NEWARK, New Jersey (WABC) -- Democratic-leaning New Jersey turned a deeper shade of blue after Tuesday's election, with Democrats taking at least three House seats from Republican control and incumbent Sen. Bob Menendez fending off a challenge from well-funded Republican Bob Hugin.
Menendez, 64, won a third term after a grueling campaign. The contentiousness continued after the victor was declared in the race, as Menendez reportedly called Hugin, who did not take the call. Hugin's campaign chair later called Menendez's campaign back.
Speaking to reporters after his concession speech, Hugin acknowledged he did not call Menendez. He said that would have been "disingenuous."
"I did not call him only because I think it would have been disingenuous in the sense that he said things about me that were not true, and he believes I said things about him that are not true," Hugin said. "I just thought it would be disingenuous. I wish him nothing but the best. He's our senator for the next six years. I want good for the people of New Jersey."
Hugin tapped his deep pockets for at least $27.5 million and spent on TV ads attacking Menendez over the 2017 trial on charges that he helped a friend with Medicare billing in exchange for lavish gifts.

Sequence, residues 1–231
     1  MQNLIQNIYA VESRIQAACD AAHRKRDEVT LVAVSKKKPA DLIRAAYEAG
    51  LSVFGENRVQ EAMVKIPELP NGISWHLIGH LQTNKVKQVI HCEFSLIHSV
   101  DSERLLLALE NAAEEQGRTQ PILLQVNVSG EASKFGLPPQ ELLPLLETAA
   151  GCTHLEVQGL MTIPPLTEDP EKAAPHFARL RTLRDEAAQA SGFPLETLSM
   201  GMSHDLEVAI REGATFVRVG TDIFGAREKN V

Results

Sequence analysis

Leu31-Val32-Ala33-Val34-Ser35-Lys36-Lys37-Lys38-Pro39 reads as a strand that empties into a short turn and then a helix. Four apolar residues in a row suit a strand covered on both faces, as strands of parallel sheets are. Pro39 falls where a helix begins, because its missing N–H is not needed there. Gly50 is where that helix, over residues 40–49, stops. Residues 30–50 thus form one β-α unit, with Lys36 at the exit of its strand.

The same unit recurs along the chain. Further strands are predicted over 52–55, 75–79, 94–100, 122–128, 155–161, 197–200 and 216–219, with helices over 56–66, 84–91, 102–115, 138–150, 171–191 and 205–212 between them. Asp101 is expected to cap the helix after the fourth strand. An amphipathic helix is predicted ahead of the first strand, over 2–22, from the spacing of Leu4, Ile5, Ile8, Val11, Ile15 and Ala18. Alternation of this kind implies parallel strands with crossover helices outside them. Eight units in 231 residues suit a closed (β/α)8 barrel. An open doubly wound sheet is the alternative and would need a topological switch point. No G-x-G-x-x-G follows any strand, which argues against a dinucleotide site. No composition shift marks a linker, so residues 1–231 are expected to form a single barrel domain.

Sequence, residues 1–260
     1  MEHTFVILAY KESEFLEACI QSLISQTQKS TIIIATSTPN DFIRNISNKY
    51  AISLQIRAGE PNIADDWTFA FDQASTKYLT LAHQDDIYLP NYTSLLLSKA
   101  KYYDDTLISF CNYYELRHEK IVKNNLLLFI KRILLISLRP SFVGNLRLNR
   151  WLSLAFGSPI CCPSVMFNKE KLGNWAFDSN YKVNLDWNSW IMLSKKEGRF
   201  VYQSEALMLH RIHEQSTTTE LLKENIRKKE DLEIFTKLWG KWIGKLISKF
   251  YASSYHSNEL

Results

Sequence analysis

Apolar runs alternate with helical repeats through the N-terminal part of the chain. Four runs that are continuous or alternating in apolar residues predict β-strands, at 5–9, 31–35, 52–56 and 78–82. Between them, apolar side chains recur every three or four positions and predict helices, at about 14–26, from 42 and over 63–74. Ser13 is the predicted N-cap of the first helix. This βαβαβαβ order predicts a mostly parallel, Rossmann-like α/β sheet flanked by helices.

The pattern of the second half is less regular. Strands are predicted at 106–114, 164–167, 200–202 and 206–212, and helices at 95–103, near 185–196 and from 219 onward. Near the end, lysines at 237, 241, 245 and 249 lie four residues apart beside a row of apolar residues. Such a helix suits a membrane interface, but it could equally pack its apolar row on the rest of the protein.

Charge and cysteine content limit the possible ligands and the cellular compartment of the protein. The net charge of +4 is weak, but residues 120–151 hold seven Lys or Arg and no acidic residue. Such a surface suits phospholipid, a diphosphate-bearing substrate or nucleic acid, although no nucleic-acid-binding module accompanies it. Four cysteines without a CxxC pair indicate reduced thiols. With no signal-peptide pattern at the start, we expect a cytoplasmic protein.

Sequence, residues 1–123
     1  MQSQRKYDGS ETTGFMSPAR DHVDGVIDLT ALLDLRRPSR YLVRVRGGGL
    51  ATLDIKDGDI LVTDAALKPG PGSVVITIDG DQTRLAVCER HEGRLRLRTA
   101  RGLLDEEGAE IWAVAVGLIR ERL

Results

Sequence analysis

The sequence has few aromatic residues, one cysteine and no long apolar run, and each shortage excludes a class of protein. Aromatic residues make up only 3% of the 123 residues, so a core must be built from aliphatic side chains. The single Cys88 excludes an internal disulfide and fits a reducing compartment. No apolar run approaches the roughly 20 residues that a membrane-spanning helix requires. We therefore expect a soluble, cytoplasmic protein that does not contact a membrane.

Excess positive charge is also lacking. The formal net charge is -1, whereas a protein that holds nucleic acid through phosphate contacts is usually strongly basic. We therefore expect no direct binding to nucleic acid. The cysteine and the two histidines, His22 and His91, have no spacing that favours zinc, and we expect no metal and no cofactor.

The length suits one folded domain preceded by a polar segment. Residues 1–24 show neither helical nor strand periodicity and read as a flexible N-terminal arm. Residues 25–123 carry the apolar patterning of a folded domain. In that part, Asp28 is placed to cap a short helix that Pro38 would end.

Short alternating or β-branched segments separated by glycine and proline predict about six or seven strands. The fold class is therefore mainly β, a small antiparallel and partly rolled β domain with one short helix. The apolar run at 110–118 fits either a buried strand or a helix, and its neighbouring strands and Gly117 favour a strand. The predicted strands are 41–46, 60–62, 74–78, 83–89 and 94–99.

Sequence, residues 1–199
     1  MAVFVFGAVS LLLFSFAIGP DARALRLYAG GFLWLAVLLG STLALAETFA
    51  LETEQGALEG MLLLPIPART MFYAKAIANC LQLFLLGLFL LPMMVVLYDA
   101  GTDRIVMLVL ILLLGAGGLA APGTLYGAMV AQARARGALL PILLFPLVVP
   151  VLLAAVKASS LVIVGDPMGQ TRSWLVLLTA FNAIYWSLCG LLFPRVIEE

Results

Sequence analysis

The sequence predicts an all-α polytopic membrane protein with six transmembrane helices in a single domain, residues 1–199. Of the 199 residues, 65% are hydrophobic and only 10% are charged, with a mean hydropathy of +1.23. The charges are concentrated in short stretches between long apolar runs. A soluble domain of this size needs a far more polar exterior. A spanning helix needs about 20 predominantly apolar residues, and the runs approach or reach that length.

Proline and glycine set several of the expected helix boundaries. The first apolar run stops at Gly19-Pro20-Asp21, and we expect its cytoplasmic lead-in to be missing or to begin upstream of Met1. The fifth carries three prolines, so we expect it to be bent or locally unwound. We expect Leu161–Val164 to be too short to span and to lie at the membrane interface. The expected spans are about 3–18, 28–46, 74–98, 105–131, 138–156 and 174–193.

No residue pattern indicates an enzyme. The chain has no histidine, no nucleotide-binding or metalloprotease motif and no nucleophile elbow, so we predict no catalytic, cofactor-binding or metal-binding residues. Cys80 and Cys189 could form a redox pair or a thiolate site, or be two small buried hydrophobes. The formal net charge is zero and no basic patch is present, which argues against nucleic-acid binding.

The charges were dropped this year, after a mistrial.
Menendez focused his campaign linking Hugin to President Donald Trump, highlighting past contributions to him, despite Hugin's claim he would be an independent voice.
Hugin spoke shortly after the polls closed in New Jersey on Election Night:
Hugin grew up in Union City but lives in Summit. He served 14 years in the Marines Corp. and Marine reserves before working as an investment banker for J.P. Morgan & Co. for 14 years. He then joined Celgene Corporation, where he was CEO from 2006 to 2010, and Chairman from 2010 to 2016. Hugin earned $22.5 million there in 2016, and Forbes estimates the value of his Celgene stock at $33.9 million.
Menendez is the senior United States Senator from New Jersey, a seat he has held since 2006 when Governor Jon Corzine appointed him.
He was born in New York City, but also grew up in Union City. He entered politics at age 20, first elected to the Union City School District's Board of Education and then in 1986, he won the election for Mayor of Union City.
New Jersey has not elected a Republican to the Senate since 1972.
(The Associated Press contributed to this report.)